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Back to School: Help Kids Keep Their Attendance Up - Video Feature

With fall around the corner, it’s a good time to start thinking about how you and your family can prepare to make the most of the new school year.

The best strategy for school success: Attend every day, in every grade. Regular attendance is a key step in making sure a child grows both academically and socially. Missing just one or two days a month adds up—and can have a serious, long-term impact on a child’s reading and math skills.

In the majority of elementary schools in Tennessee, at least 5 percent of the students are chronically absent, or miss 10 percent or more of instructional days. Watch the video below to learn more about how you can support school attendance in your community, and read our tips for how to start the school year on the right track and be successful throughout the year.

Back to School Tips for Families

  • Mark the first day of school on your calendar.
  • Consider attending any back-to-school events at your child’s school, and letting them meet their teacher and classmates in advance.
  • Try following a regular schedule. Sleepy kids are unproductive kids. In the weeks before school starts, one approach that can work is easing kids back into a routine of earlier wake-up times and bedtimes.
  • Gather school supplies. Your child’s school likely will tell you what supplies your child will need for the year, from pencils and crayons to backpacks, books and uniforms. If you need help purchasing school supplies or uniforms, talk to your child’s school or a community resource center.
  • Think about creating a calendar. Get organized for the busy year ahead by putting a wall calendar in a place where the whole family can read it. You can use it to post due dates for assignments, after-school activities, meetings with teachers, PTA events, sporting events and other programs.
  • Consider setting up a study area. It’s important for kids to have a quiet, safe place at home where they can study and complete homework. Also, if you turn off the TV and remove other distractions, your child may be able to focus better on their studies.

Tips for Community Members

Use these pointers to support the children and families in your community:

  • Consider getting involved. By offering your time or other resources, you can ensure that kids will have the materials and support they need to start the school year on the right foot and that the children will attend school regularly all year.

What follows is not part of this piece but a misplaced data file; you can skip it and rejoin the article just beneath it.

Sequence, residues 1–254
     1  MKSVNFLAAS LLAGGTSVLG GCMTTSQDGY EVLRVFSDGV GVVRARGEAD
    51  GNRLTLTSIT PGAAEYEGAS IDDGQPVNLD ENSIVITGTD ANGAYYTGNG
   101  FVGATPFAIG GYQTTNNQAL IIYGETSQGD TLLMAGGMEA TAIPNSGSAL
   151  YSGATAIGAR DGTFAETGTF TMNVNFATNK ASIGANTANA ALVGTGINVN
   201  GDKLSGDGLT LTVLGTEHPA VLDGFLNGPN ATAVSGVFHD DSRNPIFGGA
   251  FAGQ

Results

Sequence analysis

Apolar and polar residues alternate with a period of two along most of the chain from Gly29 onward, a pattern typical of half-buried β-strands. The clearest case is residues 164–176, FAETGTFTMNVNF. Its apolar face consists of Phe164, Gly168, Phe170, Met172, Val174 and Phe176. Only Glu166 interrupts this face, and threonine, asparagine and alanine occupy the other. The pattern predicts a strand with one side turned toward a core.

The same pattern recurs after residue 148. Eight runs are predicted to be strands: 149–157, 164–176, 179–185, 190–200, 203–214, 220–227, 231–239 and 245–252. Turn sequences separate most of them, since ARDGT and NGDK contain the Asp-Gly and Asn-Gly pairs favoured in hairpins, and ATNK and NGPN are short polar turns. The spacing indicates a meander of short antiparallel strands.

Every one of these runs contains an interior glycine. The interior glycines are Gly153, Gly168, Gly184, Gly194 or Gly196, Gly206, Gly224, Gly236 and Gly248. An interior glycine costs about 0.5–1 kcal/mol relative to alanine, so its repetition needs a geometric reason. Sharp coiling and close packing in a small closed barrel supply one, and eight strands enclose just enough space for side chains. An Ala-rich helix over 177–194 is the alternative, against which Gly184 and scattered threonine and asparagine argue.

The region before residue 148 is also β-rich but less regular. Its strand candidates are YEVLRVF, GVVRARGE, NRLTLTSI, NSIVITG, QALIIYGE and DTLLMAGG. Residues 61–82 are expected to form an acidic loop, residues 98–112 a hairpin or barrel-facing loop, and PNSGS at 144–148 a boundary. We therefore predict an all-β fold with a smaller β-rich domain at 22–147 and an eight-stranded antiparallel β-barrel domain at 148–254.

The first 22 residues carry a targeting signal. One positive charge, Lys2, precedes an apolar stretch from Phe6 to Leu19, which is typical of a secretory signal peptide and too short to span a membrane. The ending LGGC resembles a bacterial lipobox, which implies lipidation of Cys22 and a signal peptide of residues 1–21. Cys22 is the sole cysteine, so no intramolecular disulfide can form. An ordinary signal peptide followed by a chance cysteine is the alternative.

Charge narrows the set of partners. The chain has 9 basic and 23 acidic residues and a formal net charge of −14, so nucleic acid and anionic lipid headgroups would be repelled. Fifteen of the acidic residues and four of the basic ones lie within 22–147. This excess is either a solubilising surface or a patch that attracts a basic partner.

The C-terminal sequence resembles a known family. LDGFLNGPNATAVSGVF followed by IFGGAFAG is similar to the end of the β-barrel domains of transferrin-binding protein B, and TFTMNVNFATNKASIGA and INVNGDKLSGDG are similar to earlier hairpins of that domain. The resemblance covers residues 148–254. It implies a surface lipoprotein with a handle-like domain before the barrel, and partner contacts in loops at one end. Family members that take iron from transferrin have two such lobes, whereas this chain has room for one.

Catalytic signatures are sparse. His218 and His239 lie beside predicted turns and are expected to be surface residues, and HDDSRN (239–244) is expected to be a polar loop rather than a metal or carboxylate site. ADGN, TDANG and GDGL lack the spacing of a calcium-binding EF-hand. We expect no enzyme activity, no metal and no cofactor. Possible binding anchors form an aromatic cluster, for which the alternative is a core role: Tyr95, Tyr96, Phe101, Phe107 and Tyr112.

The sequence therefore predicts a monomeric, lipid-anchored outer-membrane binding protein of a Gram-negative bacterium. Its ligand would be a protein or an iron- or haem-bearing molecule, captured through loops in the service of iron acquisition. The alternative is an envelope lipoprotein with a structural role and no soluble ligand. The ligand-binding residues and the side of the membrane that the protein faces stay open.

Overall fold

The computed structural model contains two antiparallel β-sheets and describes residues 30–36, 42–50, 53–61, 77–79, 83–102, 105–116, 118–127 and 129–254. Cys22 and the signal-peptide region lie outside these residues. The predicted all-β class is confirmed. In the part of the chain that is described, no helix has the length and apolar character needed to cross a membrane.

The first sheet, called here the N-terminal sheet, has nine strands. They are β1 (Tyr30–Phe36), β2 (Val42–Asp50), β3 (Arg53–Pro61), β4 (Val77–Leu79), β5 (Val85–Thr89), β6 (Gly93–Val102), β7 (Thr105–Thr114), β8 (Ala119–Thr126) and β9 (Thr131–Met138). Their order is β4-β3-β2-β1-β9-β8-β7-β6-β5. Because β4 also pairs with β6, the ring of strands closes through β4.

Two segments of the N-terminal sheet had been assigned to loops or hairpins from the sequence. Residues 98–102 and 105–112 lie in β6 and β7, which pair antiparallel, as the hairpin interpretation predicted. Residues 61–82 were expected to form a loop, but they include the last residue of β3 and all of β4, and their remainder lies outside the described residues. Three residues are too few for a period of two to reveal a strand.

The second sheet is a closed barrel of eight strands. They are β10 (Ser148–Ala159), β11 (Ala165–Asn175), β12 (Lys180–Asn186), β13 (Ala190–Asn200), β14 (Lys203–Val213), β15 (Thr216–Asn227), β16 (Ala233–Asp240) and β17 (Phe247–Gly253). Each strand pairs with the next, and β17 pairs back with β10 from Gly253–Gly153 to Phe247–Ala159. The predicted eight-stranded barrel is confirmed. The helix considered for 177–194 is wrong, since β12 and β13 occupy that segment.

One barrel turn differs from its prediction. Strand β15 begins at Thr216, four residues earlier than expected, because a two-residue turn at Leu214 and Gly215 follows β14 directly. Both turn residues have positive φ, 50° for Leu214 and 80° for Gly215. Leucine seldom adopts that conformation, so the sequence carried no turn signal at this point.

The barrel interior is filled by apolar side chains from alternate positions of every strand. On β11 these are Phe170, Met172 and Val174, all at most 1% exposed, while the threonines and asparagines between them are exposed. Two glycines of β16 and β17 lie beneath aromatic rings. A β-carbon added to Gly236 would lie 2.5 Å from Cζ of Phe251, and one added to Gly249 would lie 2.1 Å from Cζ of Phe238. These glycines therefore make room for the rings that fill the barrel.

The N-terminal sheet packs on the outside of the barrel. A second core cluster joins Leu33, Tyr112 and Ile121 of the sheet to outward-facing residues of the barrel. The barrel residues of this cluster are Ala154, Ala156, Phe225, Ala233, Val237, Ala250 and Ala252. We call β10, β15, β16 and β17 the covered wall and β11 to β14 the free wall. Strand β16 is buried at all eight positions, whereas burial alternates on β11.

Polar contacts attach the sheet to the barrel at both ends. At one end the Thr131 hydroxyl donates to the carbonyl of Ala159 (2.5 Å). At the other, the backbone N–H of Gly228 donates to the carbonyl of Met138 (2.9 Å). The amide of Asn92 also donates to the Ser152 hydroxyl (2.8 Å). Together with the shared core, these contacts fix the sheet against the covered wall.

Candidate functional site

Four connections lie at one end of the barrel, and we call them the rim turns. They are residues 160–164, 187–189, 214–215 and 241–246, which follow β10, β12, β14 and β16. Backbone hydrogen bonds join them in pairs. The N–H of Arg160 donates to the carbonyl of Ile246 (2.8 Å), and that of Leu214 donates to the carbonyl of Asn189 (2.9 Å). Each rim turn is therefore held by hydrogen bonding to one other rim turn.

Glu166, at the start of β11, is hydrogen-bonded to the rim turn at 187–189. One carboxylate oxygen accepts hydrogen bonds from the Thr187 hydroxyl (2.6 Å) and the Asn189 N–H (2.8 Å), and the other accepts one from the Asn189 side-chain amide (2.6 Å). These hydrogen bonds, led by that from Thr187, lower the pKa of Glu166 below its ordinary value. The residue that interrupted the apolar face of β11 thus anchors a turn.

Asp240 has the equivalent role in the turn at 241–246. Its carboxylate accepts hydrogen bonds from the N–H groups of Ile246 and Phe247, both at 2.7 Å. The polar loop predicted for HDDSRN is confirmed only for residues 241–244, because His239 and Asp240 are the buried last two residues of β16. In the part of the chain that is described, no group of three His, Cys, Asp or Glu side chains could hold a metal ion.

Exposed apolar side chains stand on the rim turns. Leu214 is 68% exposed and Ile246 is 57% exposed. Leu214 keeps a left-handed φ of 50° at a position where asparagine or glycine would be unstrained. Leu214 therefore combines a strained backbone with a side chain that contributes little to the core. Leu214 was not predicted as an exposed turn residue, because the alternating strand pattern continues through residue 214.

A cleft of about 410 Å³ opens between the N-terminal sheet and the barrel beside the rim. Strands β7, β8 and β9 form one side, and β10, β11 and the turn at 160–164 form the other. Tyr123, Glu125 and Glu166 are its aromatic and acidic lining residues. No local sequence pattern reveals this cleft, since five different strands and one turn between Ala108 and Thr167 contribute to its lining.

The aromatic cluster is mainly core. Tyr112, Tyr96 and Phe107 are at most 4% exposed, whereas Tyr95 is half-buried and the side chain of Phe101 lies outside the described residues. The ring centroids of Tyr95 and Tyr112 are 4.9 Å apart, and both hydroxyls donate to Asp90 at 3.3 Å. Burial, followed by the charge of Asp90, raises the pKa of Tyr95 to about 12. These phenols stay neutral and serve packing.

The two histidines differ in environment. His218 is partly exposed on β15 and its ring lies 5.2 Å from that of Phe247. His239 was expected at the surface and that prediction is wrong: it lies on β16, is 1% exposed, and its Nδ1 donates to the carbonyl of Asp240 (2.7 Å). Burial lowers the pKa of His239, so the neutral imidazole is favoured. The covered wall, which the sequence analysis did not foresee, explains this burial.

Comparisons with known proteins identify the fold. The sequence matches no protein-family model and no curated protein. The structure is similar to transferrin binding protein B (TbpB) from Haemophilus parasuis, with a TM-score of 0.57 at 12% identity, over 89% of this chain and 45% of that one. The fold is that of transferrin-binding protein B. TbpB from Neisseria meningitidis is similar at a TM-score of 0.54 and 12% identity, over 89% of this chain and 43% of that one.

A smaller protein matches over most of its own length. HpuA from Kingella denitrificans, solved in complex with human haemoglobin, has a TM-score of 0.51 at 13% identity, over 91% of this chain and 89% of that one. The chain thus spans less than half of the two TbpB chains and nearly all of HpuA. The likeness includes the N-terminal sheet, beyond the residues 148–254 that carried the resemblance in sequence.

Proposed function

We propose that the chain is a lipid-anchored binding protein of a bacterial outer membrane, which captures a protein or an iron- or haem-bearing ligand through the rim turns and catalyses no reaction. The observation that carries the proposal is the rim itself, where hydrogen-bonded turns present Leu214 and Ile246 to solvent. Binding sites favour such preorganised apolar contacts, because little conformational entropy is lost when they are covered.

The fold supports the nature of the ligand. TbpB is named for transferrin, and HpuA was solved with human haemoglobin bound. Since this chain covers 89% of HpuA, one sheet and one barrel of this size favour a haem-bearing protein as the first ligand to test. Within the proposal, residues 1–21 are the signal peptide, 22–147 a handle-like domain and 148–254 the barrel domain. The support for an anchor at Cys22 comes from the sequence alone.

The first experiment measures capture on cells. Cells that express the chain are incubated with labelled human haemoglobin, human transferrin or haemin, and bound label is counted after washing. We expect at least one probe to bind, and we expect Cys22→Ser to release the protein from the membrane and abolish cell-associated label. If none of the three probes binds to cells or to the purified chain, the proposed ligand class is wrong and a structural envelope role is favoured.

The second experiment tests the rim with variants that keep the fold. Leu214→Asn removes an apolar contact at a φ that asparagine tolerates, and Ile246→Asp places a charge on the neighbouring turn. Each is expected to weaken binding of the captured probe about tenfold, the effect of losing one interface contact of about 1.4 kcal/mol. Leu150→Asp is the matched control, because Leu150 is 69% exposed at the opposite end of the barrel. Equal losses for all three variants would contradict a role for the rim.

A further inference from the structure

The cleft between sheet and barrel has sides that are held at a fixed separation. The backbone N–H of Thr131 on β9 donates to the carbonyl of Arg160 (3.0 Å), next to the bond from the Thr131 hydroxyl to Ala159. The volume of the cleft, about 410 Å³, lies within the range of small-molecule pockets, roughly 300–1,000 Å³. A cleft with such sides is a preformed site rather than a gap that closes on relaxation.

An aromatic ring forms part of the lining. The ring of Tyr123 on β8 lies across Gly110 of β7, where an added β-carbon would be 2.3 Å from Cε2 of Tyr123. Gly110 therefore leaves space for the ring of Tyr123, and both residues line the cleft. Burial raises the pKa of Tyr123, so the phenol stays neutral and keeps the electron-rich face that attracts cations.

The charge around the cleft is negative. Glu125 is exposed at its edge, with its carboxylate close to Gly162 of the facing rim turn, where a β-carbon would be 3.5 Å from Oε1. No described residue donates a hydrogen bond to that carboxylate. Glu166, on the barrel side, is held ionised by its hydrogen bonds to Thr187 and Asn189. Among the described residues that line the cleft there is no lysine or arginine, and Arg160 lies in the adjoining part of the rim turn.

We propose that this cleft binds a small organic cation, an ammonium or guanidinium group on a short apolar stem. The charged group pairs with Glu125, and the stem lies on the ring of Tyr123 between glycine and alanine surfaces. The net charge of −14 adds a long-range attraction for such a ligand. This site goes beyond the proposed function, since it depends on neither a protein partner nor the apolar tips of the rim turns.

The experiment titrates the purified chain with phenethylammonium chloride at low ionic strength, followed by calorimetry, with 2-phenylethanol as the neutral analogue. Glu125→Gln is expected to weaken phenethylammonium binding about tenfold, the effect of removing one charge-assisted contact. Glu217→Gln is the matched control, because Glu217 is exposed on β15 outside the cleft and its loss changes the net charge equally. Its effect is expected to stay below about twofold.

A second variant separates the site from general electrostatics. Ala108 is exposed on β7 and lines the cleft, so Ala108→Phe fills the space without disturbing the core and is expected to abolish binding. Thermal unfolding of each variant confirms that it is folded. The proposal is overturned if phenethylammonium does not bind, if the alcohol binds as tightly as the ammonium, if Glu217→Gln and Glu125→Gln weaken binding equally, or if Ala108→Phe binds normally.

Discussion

• Talk to your local school or community resource center about how you can help families in need.
  • If you know a family that can use help, perhaps ask a parent or caregiver what you can do to help their child succeed in school.

Year-Round Attendance Tips

Talk to your child about why it’s important to attend school every day unless they are sick. Here are steps you can try to achieve consistent attendance:

  • Establishing and sticking to the routines of going to bed early and waking up on time can help your child develop the habit of on-time attendance.
  • If your child must be absent, work with the teacher to make sure they have an opportunity to learn and make up for the schoolwork they missed.
  • If you need help setting a routine due to housing, employment or health problems, reach out for help. Other parents, your child’s teacher or principal, and community agencies can help you solve a problem or connect you to a needed resource.
  • Try to avoid scheduling vacations when school is in session.

Below are suggestions for how to handle common barriers to good attendance.

  • Find Reliable Transportation
    • If you have a backup plan for getting kids to school, you’ll be prepared in case of emergency—for example, if you’re too sick to take them, the car breaks down or they accidentally miss the bus. A backup plan could be a ride from a neighbor or family friend who’s available at that time.
    • If you need help finding a backup plan, talk to your child’s teacher or counselor at the beginning of the year. They may be able to direct you to community groups that can help.
    • Before and after school care, if they’re available for you, may be a helpful option for ensuring your child has regular transportation to and from school.
  • Support Health and Wellness
    • If your child has an ongoing health concern, such as asthma, diabetes or a disability, talk to your child’s teacher about it at the beginning of the school year. You’ll be able to work together to find a solution for making sure your child stays on track with attendance and schoolwork.
    • Make your sure your child receives the proper vaccinations, including a flu shot, and practices proper hand washing to stay healthy and prevent missed days for illness.Try to schedule doctor and dentist appointments outside of school hours. Even excused absences can add up and affect a child’s performance in school.
    • If your child shows anxiety about going to school, talk to teachers, counselors and your primary care provider for help. Keep in mind complaints of a stomachache or headache could be signs of stress.